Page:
London Philharmonic/Elder Thomas Zehetmair – Janáček, Dvořák & Rachmaninov

Schluck und Jau – Music for the play by Gerhart Hauptmann
Violin Concerto in A minor, Op.53
Symphony No.3 in A minor, Op.44

Thomas Zehetmair (violin)

London Philharmonic Orchestra
Sir Mark Elder

Reviewed by: Colin Anderson

Reviewed: 1 May, 2009
Venue: Southbank Centre, London – Royal Festival Hall

Sir Mark Elder. Photograph: Clive Barda/ArenapalOver the last few seasons some of the most memorable concerts that the London Philharmonic has given in the Royal Festival Hall have been conducted by Mark Elder, whether music by Mahler, Berlioz, Elgar or Richard Strauss (a superb Symphonia Domestica just a few months ago). Elder’s conducting of Rachmaninov’s great (if underrated) and far-reaching Third Symphony didn’t quite equal these past achievements (and probably suffered because of them). Also, for all that Rachmaninov 3 isn’t performed enough, it may have been too soon for the LPO to return to it given Osmo Vänskä’s supremely fine December 2007 account of it (now happily residing on an LPO compact disc, which hopefully will be joined by Elder’s Domestica).

Not that there was anything ‘wrong’ with the performance. It was well-prepared and -played and much attention was paid to Rachmaninov’s fabulous orchestration (a masterpiece in itself). The ‘problem’ was that the emotional temperature was set too low, which robbed the music of its sear and heartache; enough for the symphony to sprawl somewhat. The first movement (with expansive tempos, the exposition repeat, a tendency to reflect through tranquillity and leant-on rubato) never quite took wing, and if the (real) slow one had greater flexibility, its restlessness was a little too objectively achieved, the central scherzo-like section playful rather than driven. Conversely, the finale was moved along just a little to quickly and the fugal section somewhat undersold by Elder atypically arranging the two violin sections together (I wonder why?). The flute solo that begins the coda, and on which all the time in the world can be lavished, was just a little harried (if beautifully played by Adam Walker), yet the final full-orchestra assault lacked desperation.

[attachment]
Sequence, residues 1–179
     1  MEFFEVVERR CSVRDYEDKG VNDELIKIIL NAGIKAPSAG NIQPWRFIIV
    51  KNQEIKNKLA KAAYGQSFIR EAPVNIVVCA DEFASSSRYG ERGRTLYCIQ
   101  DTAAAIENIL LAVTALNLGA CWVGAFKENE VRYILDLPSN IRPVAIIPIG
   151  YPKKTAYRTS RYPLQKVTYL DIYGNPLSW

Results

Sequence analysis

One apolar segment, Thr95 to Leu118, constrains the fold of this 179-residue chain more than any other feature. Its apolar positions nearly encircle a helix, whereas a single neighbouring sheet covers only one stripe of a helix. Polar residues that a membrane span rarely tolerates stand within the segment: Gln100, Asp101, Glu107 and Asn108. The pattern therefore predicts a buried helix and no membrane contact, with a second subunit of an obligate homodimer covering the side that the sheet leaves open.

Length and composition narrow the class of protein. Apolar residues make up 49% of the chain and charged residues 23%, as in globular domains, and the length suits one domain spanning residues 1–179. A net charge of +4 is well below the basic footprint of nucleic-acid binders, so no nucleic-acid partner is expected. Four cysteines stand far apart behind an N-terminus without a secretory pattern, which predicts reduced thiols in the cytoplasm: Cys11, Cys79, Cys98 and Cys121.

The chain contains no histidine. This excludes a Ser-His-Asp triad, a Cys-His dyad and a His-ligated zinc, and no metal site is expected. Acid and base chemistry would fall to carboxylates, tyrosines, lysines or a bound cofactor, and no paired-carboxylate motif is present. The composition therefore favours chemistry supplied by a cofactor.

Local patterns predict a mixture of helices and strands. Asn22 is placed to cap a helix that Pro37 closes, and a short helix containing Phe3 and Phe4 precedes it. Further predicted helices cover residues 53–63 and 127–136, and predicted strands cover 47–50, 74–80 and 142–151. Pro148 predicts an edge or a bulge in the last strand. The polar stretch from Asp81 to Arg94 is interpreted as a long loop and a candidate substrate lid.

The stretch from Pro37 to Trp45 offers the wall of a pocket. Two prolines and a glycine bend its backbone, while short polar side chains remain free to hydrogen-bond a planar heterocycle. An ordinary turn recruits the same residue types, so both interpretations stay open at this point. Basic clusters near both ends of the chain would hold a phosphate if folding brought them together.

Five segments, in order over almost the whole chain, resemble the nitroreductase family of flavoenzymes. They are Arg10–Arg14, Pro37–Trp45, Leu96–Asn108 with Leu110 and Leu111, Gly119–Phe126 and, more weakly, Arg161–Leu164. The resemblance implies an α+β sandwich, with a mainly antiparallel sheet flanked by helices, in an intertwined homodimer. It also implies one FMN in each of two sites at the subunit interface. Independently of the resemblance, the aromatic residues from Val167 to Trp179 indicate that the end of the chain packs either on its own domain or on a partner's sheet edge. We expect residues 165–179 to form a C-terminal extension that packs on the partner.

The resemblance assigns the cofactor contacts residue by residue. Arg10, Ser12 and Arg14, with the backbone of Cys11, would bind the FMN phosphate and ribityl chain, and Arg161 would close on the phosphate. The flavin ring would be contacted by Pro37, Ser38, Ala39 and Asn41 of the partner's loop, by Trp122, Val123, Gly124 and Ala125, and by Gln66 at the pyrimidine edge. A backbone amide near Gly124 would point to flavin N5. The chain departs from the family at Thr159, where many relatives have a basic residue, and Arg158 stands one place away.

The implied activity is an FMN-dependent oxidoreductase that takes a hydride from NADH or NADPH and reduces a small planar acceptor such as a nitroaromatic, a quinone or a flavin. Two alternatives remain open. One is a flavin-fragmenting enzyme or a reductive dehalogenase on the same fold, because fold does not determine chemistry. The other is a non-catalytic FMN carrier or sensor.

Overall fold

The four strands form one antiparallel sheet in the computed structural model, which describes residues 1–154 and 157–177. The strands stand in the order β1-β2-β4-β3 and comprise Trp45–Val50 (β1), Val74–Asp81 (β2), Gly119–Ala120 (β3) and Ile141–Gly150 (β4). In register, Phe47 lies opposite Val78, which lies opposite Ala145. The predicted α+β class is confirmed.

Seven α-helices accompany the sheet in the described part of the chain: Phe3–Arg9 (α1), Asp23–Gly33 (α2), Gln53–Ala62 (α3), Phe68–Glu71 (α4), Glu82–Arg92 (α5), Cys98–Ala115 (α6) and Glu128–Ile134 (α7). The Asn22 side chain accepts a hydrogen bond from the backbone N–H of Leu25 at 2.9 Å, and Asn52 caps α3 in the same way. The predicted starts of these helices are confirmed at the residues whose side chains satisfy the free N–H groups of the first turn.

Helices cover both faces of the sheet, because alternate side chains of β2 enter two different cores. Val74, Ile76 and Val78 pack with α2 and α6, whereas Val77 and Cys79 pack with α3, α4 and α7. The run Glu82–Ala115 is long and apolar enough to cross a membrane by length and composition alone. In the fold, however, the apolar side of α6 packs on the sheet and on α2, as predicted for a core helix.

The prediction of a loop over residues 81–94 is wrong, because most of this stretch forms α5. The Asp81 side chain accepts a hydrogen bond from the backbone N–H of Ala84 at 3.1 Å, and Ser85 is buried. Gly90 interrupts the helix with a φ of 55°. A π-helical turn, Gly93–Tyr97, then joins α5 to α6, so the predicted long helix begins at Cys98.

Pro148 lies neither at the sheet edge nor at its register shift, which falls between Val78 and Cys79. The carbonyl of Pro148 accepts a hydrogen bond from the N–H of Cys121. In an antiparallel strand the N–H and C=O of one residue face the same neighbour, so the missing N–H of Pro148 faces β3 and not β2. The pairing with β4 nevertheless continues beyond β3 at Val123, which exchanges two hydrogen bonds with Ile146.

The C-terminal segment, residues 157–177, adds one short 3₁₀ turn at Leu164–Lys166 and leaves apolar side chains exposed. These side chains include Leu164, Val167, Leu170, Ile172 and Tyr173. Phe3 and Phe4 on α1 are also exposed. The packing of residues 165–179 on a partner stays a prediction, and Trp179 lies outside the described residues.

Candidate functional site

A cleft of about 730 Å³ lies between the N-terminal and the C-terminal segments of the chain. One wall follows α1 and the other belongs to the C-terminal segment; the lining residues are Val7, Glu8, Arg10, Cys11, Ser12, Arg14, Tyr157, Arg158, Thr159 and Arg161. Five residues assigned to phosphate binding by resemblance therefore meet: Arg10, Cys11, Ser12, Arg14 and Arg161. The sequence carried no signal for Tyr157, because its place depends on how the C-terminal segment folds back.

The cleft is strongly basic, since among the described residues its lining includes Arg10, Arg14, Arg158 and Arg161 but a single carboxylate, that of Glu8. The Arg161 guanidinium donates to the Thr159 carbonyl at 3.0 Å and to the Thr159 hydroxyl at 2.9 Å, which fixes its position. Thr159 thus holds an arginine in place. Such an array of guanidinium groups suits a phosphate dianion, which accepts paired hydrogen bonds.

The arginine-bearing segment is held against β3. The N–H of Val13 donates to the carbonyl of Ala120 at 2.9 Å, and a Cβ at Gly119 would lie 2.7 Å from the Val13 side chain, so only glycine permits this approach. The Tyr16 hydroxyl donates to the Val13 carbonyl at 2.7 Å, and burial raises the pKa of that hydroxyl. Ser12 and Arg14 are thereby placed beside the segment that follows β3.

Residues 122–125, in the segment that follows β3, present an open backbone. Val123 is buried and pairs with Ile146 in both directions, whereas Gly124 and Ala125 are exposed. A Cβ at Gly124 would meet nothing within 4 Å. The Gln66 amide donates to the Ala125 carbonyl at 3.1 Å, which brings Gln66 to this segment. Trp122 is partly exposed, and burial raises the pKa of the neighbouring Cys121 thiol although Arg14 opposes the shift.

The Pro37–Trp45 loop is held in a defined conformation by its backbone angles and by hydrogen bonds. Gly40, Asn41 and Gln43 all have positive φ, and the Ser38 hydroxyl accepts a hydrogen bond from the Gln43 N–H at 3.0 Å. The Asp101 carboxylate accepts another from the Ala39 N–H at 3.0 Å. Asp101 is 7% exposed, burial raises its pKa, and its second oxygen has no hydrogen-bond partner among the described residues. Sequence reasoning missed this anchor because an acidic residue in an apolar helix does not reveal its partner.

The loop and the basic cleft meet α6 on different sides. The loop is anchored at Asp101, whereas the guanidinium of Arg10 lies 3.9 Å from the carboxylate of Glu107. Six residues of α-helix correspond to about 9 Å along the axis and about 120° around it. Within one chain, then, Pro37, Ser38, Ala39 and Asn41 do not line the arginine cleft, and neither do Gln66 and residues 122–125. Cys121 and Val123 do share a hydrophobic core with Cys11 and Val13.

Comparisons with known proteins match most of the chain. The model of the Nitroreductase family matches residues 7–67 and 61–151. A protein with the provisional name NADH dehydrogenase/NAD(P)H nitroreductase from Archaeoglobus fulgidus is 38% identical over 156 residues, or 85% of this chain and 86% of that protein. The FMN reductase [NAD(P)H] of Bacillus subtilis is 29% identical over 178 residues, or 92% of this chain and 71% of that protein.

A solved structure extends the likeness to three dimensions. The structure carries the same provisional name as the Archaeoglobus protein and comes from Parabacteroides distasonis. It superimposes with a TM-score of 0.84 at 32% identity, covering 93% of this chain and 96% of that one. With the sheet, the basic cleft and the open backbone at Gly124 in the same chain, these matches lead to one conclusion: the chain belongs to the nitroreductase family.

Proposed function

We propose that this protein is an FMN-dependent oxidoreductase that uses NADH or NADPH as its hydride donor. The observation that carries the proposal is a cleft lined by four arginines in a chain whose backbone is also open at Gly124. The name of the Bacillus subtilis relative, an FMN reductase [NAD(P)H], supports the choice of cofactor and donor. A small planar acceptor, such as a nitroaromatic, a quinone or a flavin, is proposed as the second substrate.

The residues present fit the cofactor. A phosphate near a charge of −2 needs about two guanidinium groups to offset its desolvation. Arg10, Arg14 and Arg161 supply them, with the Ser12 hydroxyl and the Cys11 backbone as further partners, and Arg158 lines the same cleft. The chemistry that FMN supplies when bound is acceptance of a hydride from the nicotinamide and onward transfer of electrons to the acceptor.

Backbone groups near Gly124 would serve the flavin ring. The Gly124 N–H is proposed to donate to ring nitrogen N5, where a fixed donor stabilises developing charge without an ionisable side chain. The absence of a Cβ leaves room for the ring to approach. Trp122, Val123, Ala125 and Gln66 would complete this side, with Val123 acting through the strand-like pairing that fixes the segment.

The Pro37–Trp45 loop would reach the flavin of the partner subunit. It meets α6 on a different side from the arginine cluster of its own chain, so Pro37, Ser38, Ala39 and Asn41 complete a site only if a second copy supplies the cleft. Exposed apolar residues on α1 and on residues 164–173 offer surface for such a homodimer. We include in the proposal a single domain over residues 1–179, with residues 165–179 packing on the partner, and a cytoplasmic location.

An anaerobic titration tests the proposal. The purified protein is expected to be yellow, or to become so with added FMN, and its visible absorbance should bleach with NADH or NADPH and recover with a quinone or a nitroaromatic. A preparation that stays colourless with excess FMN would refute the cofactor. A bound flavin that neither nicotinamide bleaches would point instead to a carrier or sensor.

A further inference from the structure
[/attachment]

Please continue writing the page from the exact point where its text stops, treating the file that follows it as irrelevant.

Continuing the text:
In the concert’s first half, Thomas Zehetmair gave an ill-at-ease performance of Dvořák’s Violin Concerto in which tone, colour and projection were at a premium, intonation was questionable, and the playing per se was scratchy and effortful. Such astringency is at-odds with the composer’s warmth of expression, poetic lines and – in the finale – bucolic high spirits (here rather forced, the pulse staggered). Elder and the LPO provided a neat but rather damped-down accompaniment – woodwinds needed more immediacy (but would have covered the soloist) – and the whole rarely engaged.

Making the biggest impression was the music that Janáček wrote in the last year of his life (1928) for Gerhart Hauptmann’s play “Schluck und Jau”, a symphony orchestra at the composer’s disposal (those were the days!). There may not be much music (9 minutes or so) and Janáček wasn’t able to complete his score (the two movements that survive have been edited and missing material filled-in by Jarmil Burghauser).

What we have could only be by Janáček (maybe that suggests limitations) and is self-derivative (particularly to Taras Bulba and “Glagolitic Mass”) – wild trills, piercing woodwinds, a vivid sense of narrative and music edgy, frenzied, magical, pastoral and ceremonial. Striking invention superbly performed here, the various solos finely taken (not least by guest horn principal Roger Montgomery who was a distinguished presence throughout the concert) and displaying Sir Mark Elder’s very particular relationship with Janáček’s distinctive music.

Leave a Reply

Your email address will not be published. Required fields are marked *

Skip to content